Congressman Don Young, R- Alaska, told the U.S. Chamber of Commerce earlier this summer, "For every $1 billion invested in federal highway and transit spending that is matched by the state, 47,500 jobs are created or sustained."
The Bush administration is proposing to spend $247 billion on infrastructure projects over the next six years. Young, chairman of the House Transportation and Infrastructure Committee, says that is not enough. He proposes at least $375 billion in projects, mainly transportation.
"Nationally, our proposal will create more than 1.3 million new jobs over six years," Young said.
It is good news that the state has selected a $244 million bridge to link Ketchikan to its airport, and to the 36 percent of Gravina Island (22,000 acres) open for development that is not national forest.
It also is good news to Gov. Frank Murkowski and Alaskans who see benefits in the governor's plan for road construction. It is good news to many unemployed Alaskans. It is good news to construction companies and even good news to the state treasury, which will receive more corporate income tax as construction companies go to work.
The only bad news - and it really isn't that bad - is that to finance the plan, Young proposes a slight increase in the federal motor fuel tax. It also will require an increase in Alaska's motor fuel tax, now one of the lowest fuel taxes in the nation. Alaskans should at least pay the national average for the benefits they receive, for the jobs created. Alaska may not spend $1 billion on roads and new ferries and create 47,500 new jobs but one half of that amount or even a quarter would be a big boost to the Alaska economy.
Aside from Ketchikan' bridge, Anchorage's Knik Arm Crossing, the Juneau access road, the Bradfield Canal road and upgrading of many miles of Alaska's existing roads, the governor has proposed road development to boost local economies.
Widely publicized is his proposal to construct a 250-mile road on the Alaska Peninsula to connect communities between King Salmon and Chignik. That road facilitates exploration and development of petroleum resources on state and Native lands. With access to a deepwater port at Chignik, lower prices for cargo would result, meaning lower prices for area residents. It would provide easier access to neighboring villages and consolidation of facilities, including schools, landfills, clinics, visitor lodging plus numerous other public safety and social benefits. And, most of all, good jobs with the $285 million in federal and state fuel tax moneys expended for construction.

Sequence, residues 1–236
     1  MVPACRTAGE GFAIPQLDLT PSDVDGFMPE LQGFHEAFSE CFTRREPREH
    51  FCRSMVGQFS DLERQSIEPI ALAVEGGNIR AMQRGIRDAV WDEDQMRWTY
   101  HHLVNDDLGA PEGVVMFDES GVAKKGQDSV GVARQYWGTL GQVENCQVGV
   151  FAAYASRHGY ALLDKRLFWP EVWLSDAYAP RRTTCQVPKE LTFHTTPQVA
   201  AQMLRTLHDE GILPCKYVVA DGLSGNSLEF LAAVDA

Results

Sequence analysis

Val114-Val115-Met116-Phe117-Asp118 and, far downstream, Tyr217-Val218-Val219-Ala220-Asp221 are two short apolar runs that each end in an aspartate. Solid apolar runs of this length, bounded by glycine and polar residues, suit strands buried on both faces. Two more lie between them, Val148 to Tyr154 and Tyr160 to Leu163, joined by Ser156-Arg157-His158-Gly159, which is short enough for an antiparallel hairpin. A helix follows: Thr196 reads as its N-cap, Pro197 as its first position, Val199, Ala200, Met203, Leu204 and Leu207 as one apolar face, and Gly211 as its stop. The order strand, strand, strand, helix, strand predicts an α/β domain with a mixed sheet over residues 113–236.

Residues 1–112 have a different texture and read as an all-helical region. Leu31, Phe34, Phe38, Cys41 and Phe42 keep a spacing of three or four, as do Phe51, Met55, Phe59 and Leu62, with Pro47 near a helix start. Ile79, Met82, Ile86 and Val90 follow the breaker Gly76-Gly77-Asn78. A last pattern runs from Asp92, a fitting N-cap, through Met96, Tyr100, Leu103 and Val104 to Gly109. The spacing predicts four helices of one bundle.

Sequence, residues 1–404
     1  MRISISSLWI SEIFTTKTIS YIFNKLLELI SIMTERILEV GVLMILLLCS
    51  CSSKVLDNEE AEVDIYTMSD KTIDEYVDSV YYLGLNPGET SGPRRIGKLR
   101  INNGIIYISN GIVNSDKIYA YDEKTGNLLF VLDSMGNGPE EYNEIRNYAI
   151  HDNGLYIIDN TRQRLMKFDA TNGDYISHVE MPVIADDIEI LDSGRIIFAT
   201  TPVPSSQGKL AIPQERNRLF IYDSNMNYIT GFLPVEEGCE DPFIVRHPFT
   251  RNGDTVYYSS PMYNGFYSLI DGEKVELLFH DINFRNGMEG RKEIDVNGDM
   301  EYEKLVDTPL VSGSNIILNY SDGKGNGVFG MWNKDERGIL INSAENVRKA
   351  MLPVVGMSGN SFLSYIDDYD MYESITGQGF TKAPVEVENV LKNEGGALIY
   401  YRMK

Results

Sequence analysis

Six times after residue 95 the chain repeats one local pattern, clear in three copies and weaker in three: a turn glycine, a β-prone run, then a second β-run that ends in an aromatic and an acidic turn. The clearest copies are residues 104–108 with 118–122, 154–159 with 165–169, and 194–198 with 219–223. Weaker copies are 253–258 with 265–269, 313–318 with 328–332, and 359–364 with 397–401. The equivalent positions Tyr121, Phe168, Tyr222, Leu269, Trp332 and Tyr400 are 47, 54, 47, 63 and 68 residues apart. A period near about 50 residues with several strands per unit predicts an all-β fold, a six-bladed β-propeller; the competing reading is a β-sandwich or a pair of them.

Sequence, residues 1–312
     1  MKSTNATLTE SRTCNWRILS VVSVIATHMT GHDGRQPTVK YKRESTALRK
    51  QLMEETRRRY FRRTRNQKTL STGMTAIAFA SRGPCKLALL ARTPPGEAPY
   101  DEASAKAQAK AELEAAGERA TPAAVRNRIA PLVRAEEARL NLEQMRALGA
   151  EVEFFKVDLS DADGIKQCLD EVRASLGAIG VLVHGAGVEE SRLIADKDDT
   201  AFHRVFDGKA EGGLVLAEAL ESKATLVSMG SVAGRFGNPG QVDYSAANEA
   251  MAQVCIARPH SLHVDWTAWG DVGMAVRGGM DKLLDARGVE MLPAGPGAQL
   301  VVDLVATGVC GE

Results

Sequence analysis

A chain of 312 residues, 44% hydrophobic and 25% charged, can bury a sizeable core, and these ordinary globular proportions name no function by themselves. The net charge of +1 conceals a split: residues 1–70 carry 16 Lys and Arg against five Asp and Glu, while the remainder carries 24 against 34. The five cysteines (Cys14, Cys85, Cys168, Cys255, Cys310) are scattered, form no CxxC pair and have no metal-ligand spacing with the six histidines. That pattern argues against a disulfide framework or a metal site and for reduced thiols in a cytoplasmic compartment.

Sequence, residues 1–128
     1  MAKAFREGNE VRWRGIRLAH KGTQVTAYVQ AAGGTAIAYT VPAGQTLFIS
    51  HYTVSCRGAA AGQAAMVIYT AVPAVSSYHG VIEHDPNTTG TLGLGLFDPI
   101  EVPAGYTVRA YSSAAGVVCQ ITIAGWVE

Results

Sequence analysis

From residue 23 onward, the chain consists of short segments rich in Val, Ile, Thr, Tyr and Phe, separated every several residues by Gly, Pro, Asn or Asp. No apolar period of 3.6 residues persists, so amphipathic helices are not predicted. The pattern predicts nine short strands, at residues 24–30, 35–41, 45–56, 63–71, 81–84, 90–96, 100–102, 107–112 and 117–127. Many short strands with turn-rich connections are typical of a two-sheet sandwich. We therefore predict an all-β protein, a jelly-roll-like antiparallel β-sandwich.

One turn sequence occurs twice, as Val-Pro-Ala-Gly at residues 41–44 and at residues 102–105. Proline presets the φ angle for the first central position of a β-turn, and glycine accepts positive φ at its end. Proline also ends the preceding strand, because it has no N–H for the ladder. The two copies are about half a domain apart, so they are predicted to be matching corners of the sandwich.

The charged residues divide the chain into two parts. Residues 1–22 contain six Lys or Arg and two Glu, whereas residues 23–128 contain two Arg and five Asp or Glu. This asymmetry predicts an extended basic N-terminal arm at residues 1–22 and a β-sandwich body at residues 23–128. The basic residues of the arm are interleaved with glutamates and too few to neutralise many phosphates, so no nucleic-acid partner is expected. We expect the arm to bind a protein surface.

The governor also has proposed a road to Nuiqsut from the Dalton Highway, an access road to the Donlin Creek gold mine project up river from Bethel (it could include four stages, connecting the Kuskokwim to the Yukon, then to Ophir and on to Poorman and Ruby), and 18 miles of road between Tununak, Toksook Bay, and Nightmute. All have the same goal as the Alaska Peninsula project: open up areas for resource development and improve the lives of area residents.
A transportation construction program in Alaska, financed by bonds that are retired with federal and state fuel taxes, is a better way to solve Alaska's fiscal problem than invoking an individual income tax, which takes money out of the economy. Such a tax is supported by the Alaska Municipal League and the Alaska Conference of Mayors. What they really are suggesting is a reduction in take-home pay for each of their employees so local government can receive grants from the state to maintain a status quo in local government spending rather than creating jobs as Young and Murkowski propose.
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